Why breast milk changes color

Why Breast Milk Changes Color

If you notice that your breast milk appears unusual in color and consistency don’t panic, more than likely it is perfectly normal.  Most of us, prior to our breastfeeding journeys, envisioned our breast milk to be a smooth, milky white color with a perfect consistency. In reality, this is not the case!

Your breast milk is continually changing in its nutritional composition as it meets the changing needs of your growing baby. The first milk you produce is called Colostrum.  Colostrum has a sticky consistency varying in color from clear to deep golden yellow. This powerhouse packed with fat-soluble vitamins and minerals protects your baby against any infection you have ever been exposed to. It also prepares your baby’s digestive system.

Generally, at the begging of a feed or pumping session your breast milk will be clear or have a bluish tint.  This is called foremilk. This milk is lower in fat and higher in sugar than the milk you produce after the let down.  As the feeding or pumping continues you may notice the milk appears creamier as the fat content increases.  This is called hindmilk. Mature milk is a mixture of both the foremilk and the hindmilk.

So what causes your breast milk to change colors? Most of the time it is your diet. The article The Colors of Breastmilk, gives the following explanations for color variations:

Green: A green tint to your breast milk can come form green foods (spinach, kale, seaweed) or food containing green dyes. It can also be a result of taking certain herbs or supplements.

Pink, Orange, Red, and Brown Milk: Foods that are naturally vibrant in these colors (beets for example) or foods that contain red, yellow and orange food dyes have been known to change the color of your milk. Orange soda, and red or orange fruit drinks can have the same effect.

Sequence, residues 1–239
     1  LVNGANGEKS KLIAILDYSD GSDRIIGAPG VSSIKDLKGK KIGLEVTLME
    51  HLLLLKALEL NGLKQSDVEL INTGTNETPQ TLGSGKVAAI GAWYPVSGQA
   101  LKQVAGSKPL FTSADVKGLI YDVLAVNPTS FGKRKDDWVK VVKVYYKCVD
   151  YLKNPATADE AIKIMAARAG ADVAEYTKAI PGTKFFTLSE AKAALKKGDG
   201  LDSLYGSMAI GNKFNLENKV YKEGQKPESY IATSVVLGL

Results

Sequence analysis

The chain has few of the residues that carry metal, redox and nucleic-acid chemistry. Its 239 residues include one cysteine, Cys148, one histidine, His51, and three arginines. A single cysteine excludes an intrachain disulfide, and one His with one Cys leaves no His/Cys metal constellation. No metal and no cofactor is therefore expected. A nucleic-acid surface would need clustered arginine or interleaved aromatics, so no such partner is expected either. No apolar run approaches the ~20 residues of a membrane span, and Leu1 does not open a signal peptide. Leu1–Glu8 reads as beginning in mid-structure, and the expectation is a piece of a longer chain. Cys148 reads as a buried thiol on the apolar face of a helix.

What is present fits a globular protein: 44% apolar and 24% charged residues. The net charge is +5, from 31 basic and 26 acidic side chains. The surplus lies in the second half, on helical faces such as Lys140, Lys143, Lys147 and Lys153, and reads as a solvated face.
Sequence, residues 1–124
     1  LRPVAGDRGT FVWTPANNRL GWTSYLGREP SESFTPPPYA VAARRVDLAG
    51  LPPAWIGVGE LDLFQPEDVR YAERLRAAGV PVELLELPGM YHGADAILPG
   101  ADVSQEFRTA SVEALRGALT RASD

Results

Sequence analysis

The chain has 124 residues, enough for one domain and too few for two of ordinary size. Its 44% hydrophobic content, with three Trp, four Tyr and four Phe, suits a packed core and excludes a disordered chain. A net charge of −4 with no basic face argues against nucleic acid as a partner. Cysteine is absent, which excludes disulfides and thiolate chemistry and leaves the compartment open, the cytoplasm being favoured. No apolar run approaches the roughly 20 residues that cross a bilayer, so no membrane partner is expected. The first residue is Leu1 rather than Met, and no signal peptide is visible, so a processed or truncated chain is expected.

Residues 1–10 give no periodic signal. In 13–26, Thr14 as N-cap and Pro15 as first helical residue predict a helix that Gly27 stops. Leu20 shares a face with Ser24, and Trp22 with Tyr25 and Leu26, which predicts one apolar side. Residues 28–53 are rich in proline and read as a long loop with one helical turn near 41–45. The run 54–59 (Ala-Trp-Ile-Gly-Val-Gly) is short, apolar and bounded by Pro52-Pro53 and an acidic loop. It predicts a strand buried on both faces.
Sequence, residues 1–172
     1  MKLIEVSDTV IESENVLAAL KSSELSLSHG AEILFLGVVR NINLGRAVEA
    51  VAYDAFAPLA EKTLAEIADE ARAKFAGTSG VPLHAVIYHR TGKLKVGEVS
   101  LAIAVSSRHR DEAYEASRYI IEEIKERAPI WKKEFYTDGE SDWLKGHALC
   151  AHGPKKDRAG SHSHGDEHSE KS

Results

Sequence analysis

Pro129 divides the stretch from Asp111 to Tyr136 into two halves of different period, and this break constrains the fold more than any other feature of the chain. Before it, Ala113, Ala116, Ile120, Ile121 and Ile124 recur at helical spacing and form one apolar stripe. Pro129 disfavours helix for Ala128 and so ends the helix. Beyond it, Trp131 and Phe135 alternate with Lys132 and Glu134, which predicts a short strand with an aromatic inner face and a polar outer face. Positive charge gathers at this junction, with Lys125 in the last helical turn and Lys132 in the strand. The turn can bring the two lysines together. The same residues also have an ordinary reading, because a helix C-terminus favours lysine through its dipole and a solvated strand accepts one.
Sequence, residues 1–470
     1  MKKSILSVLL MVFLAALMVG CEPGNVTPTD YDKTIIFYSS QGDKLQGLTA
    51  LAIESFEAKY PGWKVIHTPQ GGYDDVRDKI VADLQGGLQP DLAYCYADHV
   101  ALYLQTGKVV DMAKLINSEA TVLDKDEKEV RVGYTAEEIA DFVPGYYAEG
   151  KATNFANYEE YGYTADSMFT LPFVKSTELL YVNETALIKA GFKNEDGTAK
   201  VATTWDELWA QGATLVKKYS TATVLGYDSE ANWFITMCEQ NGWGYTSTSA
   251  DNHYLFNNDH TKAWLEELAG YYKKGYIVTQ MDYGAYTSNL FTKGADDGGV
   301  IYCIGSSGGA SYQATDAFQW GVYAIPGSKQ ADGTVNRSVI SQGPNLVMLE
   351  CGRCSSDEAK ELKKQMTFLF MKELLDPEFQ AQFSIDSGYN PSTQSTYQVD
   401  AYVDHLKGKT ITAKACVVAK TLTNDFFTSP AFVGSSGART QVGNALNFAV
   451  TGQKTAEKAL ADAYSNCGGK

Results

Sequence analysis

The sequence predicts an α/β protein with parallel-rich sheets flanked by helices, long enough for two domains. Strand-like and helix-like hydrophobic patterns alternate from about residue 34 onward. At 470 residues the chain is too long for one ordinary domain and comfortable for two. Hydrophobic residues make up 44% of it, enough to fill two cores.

If your breast milk appears brown or rust colored it may be from blood. Sometimes blood may get into your breast milk due to cracked nipples but rest assured small amounts of blood are not harmful to the baby.

Black Milk: Black discoloration has been reported with the use of the antibiotic minocycline. This antibiotic is not recommended if you are nursing. Always first consult with your doctor about any medications that are not safe while nursing.

Just remember that breast milk is all natural and unprocessed so it will not always look picture perfect and that’s okay. Whether it is clear, blue, green, or pink, your breast milk is providing the absolute best nourishment and protection for the many developing essential parts of your baby. Aeroflow Breastpumps can help you obtain a breast pump that best fits your breastfeeding needs. Learn how to qualify through insurance today.

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